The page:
The 'Ragaaneethi' music band is perhaps the only group in the country that consists solely of lawyers
Photo by Albin Mathew
By Shevlin Sebastian
Just before he stepped on stage, at the Fine Arts Hall in Kochi, last year, singer Vijay Yesudas told the 'Ragaaneethi' music band that he would sing four songs. Vijay was a special guest for the 10th anniversary celebrations of the band. But the moment he began singing, he realised that the music being played was 'live'. “Unlike most bands, we don't perform with recorded music,” says band leader KT Shyam Kumar. “Most singers love this because they can improvise and try out new things. Otherwise, it is a mechanical process.”
So excited was Vijay by this 'live' performance, that he ended up singing 12 songs and stayed for two hours. At the end, he told the audience, “There are so many professional orchestras which do not play as well. All the band members have such good talent. And they sound so wonderful in a live performance.”
The unusual thing about 'Ragaaneethi' is that the eleven-member team consists solely of lawyers who practice in the Kerala High Court. “I believe we may be the only lawyer band in India,” says a smiling Shyam.
Apart from playing in several events in the legal fraternity, like the South India Judges' Conference, they also do charity shows. “Since we are already earning a living, as lawyers, we play for free,” says Shyam. “This is a passion for us.”
Recently, at the invitation of the Kochi Biennale Foundation, they took part in its Arts And Medicine programme, which is held, once a week, at the General Hospital. “We opted to play only melodious songs, so that the patients and by-standers could feel soothed,” says percussionist Harish R Menon.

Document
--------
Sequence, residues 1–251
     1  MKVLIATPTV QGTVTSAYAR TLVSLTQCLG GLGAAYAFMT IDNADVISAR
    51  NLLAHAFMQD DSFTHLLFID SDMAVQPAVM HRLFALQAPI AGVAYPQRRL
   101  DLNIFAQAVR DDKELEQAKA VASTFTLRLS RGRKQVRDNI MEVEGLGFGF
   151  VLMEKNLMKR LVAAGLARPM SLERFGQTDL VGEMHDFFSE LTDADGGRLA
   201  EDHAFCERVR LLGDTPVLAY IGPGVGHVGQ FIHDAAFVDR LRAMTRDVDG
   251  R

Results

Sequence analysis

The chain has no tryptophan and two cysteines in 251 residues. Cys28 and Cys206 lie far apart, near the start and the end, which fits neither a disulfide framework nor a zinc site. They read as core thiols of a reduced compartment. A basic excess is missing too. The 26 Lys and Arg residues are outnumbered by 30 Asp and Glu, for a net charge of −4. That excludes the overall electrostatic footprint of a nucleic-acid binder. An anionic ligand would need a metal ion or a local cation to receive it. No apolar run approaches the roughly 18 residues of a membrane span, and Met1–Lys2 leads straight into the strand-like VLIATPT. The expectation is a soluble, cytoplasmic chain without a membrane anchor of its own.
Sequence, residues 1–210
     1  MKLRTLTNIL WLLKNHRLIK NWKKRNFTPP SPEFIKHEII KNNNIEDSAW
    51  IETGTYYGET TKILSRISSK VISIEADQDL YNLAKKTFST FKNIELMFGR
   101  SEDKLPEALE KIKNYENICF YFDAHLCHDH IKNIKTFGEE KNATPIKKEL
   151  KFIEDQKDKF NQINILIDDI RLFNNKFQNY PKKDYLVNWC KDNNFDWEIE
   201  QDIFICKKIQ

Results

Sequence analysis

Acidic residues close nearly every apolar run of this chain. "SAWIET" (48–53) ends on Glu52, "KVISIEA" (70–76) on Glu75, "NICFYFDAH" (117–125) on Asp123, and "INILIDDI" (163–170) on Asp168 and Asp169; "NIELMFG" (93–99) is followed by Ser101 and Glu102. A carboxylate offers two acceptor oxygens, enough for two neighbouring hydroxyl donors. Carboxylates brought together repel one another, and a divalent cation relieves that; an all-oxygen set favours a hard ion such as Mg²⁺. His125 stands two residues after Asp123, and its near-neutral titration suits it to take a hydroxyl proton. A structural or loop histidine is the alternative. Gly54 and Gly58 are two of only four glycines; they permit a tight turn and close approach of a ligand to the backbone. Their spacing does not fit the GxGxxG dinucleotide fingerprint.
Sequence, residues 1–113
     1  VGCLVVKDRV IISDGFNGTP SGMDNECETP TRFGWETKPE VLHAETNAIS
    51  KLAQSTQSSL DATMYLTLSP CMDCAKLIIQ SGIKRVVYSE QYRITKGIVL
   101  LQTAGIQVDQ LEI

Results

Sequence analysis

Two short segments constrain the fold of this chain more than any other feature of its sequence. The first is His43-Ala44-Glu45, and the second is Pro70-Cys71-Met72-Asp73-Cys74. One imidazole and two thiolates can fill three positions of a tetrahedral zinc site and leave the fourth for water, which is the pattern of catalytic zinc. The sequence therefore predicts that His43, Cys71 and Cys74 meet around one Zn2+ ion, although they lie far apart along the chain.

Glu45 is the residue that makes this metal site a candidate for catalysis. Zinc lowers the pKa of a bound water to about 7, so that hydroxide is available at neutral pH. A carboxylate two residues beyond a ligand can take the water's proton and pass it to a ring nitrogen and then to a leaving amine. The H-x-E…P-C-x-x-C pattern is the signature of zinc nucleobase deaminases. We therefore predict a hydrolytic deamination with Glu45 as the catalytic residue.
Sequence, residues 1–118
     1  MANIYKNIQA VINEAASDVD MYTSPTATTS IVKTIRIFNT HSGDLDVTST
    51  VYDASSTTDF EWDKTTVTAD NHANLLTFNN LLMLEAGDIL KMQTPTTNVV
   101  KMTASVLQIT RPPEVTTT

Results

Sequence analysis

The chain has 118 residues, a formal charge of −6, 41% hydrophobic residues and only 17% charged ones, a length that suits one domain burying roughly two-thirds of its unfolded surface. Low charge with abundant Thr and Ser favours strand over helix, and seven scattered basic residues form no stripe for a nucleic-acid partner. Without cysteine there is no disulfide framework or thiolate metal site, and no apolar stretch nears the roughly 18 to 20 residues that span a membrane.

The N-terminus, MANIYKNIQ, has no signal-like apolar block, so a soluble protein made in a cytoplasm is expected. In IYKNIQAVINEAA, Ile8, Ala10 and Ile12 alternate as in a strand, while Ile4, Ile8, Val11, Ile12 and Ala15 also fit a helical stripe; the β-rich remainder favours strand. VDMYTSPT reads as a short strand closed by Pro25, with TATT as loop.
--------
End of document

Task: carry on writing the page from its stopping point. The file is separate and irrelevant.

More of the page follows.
Indeed, they were. One bystander, a 60-year-old woman told Harish, “Your songs are wonderful. I come, on every Wednesday, to buy medicines, but also to listen to the music.”
On another occasion, the band played for the female inmates of a juvenile home. “The girls were so happy that they started dancing in an impromptu manner,” says lead guitarist George Johnson. “One girl even came on stage and sang a song. It was the first time they were listening to 'live' music. They did not have any contact with the outside world. There was a profound joy on their faces. We felt happy seeing that.”
Incidentally, the lawyers got together as a group when they decided to do an instrumental ensemble for the annual-day celebrations of the Kerala High Court Advocates’ Association. Since their performance was much appreciated, they decided to set up a full-fledged orchestra. The other members include percussionist Manoj Chandran, bass guitarist Anand Parathara, drummer John Didymos, Sunil Dutt on the tabla and singers, Vipin Das, Jai George, and Carol Alenchery.
Asked the meaning of the word, 'Raaganeethi', Harish says, “It was coined by our guitarist, PK Raveendran, who, sadly, passed away two years ago. While Raaga is a music term, Neethi means justice. So, in essence, we are doing justice to music.”
And in order to do justice to the audience, the band trains as often as possible. However, because of their legal commitments, they usually practice on the weekends.
This is usually at Shyam's home, where he has set up a music studio. Rehearsals usually begin at 7 p.m., and it can go on till midnight. The repertoire includes popular Malayalam songs, ghazals and fusion music. “That always goes down well with the audience,” says Vipin.
Interestingly, most said that if they came of age today, they would have opted for music as a career. “Today, there is an ocean of opportunities for musicians,” says Shyam. “There are so many television channels, Mollywood films, and so many entertainment programmes for corporates. It can be lucrative.”
Nevertheless, there are other gains. Band members say that they have become better lawyers. “Being a good lawyer means to be a good performer in front of the judge and the court,” says Shyam. “Our experience on the stage helps us to perform better in court. Our concentration levels are higher. We are also happier and positive-minded because we are doing what we like. It is a form of meditation.”
(Sunday Magazine, The New Indian Express, South India and Delhi)